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Recently, the Food and Drug Administration placed a "black box" label on etanercept, and other tumor necrosis factor inhibitors used to treat childhood arthritis, warning of the risk of malignancies. The Food and Drug Administration made their decision based on a review of 48 cases of malignancies identified worldwide in children treated with tumor necrosis factor inhibitors for inflammatory bowel disease, sarcoidosis, and juvenile idiopathic arthritis. Recently, an article in Pediatric Rheumatology demonstrated that there may not be an increased risk of cancer in children with juvenile idiopathic arthritis treated specifically with the tumor necrosis factor receptor fusion protein, etanercept. There are many confounding issues regarding whether or not etanercept increases the risk of malignancy, specifically lymphomas, above the background rate of cancer in children with juvenile idiopathic arthritis who are not being treated with biologic agents. Whether or not it was appropriate for the Food and Drug Administration to lump cancer patients with underlying granulomatous diseases (inflammatory bowel disease and sarcoidosis) with children with juvenile idiopathic arthritis is explored herein. Moreover, the amalgamation of etanercept with anti-tumor necrosis factor monoclonal antibodies (adalimumab and infliximab) is another point of contention. What is clear is that there is much that is currently unknown to be able to convincingly demonstrate a substantial risk of cancer in children with juvenile idiopathic arthritis treated with etanercept. Conversely, there is ample evidence demonstrating remarkable benefit of etanercept in treating juvenile idiopathic arthritis. Physicians treating childhood arthritis should weigh these potential risks and benefits with patients and their families discussing the current limitations in available data regarding the risk of cancer in children treated with etanercept for juvenile idiopathic arthritis.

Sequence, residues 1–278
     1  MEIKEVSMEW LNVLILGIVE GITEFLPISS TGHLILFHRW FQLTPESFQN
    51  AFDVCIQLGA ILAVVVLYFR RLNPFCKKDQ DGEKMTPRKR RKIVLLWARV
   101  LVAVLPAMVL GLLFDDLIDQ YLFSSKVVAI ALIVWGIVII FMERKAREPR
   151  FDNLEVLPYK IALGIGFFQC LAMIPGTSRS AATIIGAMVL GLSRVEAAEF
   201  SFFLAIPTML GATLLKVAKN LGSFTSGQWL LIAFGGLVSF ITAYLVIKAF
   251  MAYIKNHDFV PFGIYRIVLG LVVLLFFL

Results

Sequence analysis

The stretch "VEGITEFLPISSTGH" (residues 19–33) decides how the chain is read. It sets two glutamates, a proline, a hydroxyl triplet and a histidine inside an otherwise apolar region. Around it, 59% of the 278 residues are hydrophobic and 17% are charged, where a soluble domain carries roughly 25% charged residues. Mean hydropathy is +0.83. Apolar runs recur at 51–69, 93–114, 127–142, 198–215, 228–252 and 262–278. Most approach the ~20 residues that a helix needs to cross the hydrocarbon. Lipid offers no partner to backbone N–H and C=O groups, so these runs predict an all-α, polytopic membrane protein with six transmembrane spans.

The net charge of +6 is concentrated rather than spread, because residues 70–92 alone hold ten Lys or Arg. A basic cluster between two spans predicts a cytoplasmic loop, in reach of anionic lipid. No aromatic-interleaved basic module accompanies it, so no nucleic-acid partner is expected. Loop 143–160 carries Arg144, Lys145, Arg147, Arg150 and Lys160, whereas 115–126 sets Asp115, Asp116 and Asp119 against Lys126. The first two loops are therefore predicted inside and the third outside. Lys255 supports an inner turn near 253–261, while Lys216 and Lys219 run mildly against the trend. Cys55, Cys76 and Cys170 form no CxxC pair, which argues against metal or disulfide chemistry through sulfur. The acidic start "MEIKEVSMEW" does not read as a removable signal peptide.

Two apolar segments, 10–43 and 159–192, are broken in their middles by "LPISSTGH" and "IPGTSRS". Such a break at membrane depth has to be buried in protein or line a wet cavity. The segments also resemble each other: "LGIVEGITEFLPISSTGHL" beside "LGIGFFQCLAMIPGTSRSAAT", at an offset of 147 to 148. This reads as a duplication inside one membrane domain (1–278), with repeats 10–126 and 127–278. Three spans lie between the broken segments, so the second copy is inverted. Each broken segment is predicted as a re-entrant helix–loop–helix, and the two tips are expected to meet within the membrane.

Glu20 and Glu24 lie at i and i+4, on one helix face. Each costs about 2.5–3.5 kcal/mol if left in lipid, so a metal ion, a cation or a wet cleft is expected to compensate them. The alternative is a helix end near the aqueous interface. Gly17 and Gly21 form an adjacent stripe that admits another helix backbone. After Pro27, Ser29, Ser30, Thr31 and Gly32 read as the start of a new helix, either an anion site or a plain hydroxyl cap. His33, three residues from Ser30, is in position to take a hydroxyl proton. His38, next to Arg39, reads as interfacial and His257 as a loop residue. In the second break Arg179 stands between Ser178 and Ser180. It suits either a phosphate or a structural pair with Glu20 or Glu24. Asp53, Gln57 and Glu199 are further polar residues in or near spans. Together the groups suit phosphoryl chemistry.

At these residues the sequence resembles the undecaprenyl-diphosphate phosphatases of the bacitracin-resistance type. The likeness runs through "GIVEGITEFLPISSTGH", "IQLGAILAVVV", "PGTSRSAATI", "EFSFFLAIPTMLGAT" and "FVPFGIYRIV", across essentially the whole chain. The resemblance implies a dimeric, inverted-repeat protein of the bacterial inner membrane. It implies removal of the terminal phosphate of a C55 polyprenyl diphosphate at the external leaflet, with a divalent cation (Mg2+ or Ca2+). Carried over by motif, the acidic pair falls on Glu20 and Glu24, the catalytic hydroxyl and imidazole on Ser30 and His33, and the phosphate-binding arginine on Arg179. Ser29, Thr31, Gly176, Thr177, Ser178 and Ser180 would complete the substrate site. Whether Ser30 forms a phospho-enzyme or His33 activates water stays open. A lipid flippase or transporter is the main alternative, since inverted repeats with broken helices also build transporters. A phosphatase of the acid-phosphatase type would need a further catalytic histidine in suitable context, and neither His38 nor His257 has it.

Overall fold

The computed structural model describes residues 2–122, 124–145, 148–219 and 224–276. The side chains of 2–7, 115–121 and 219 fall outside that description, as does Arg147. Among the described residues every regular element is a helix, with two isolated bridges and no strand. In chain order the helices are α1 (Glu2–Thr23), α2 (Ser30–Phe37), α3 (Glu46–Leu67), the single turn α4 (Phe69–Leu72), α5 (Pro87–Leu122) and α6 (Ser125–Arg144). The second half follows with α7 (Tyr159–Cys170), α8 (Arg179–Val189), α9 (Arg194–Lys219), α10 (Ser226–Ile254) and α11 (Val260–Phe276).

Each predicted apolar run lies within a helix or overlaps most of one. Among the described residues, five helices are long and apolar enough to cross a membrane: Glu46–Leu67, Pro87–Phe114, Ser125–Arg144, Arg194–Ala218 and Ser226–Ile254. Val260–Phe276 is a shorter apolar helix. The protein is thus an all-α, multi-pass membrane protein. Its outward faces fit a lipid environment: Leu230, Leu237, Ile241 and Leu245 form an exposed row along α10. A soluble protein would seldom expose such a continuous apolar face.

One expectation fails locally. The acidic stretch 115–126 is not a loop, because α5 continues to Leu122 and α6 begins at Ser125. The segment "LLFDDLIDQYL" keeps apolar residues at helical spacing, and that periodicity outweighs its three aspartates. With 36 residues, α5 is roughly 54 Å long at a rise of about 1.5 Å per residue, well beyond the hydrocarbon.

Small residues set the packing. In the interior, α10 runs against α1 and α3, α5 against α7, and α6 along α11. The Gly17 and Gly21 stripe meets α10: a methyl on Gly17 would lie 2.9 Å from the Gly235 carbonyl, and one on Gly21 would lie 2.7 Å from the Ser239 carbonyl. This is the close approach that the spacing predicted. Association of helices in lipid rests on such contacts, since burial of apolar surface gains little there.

This article was published in the following journal.
Name: Pediatric rheumatology online journal
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Procedures and programs that facilitate the development or skill acquisition in infants and young children who have disabilities, who are at risk for developing disabilities, or who are gifted. It includes programs that are designed to prevent handicapping conditions in infants and young children and family-centered programs designed to affect the functioning of infants and children with special needs. (From Journal of Early Intervention, Editorial, 1989, vol. 13, no. 1, p. 3; A Discursive Dictionary of Health Care, prepared for the U.S. House of Representatives Committee on Interstate and Foreign Commerce, 1976)
Reduction of high-risk choices and adoption of low-risk quantity and frequency alternatives.
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